In the west of Cantabria (Spain), marking the edge of the Picos de Europa, we find the Hermida Gorge: a steep gorge 21 kilometres long, the longest on the Iberian Peninsula.
The river Deva flows through it, flanked by rock faces that reach a height of 600 metres, making the gorge an authentic scenic spectacle.
Apart from the river Deva, there is hardly any space left along the Hermida for the winding N-621 road that connects Unquera with Lebeña (the end of the gorge) and Potes, the capital of the Liébana valley. This route is the only road access to the valley from the Cantabrian Sea.
Inside the gorge you can enjoy several viewpoints located on the sides of the road, conveniently signposted, and others for which it is necessary to leave the gorge to get the best views. The most impressive is the Santa Catalina viewpoint. From the Santa Catalina viewpoint you can see the gorge from above, with the Picos de Europa in the background and, if you are lucky, you may even see the bearded vultures flying right in front of you. Quite a natural spectacle.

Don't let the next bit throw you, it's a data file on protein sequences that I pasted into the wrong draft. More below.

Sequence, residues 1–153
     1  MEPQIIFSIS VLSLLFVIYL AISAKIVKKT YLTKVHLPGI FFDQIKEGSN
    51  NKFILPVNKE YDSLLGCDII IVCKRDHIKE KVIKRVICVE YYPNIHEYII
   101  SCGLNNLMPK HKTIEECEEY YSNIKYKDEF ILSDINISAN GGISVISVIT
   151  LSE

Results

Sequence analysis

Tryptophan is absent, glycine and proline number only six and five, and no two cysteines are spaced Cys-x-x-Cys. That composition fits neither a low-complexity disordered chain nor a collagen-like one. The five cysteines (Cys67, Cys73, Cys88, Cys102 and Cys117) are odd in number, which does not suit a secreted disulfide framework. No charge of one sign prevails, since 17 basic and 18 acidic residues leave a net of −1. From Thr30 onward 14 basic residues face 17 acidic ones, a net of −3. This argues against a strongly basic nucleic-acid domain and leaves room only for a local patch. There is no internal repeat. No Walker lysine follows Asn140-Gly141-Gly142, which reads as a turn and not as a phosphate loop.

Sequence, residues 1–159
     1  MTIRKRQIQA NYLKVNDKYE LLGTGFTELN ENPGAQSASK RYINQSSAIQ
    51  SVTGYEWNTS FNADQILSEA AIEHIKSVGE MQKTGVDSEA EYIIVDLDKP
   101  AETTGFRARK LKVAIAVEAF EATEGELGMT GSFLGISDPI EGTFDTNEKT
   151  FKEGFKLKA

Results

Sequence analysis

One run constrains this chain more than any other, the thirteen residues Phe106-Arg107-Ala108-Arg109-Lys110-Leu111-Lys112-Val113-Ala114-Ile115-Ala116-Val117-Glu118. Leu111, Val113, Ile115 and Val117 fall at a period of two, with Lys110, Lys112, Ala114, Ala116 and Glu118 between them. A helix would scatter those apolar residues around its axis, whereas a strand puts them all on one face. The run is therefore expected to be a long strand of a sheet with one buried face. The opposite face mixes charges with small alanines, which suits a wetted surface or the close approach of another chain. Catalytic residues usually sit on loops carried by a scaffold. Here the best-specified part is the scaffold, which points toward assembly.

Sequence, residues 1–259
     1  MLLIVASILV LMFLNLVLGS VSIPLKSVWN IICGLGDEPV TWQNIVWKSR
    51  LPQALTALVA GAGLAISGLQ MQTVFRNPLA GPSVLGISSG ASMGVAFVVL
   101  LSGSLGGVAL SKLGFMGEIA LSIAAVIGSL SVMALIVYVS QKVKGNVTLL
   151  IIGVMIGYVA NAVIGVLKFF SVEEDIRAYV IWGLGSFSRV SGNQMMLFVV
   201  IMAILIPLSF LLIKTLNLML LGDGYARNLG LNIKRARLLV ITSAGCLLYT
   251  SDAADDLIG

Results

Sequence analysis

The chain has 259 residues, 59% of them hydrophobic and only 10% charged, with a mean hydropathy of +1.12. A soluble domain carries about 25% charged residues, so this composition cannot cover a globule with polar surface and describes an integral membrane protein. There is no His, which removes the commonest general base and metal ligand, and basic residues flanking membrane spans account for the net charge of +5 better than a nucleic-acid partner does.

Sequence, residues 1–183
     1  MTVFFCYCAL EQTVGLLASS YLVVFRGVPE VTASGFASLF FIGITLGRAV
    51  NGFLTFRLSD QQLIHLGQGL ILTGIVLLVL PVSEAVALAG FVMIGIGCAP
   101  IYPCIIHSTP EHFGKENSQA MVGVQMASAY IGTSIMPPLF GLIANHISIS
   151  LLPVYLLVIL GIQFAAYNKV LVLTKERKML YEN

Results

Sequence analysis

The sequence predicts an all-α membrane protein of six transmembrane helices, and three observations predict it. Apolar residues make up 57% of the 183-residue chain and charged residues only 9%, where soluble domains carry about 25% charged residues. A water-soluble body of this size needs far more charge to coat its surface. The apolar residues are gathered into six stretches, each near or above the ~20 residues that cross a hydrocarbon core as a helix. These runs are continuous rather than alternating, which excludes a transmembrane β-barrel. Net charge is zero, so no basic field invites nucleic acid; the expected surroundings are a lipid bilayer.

If you like adventure sports, you are in luck, because in the Hermida gorge there is one of the first Via Ferratas to be built in Cantabria, called the Hermida. A via ferrata is a climbing route with aids in the form of steel steps, so you can climb the mountain easily, without knowing anything about climbing, in total safety, as you will always be hooked to a safety cable.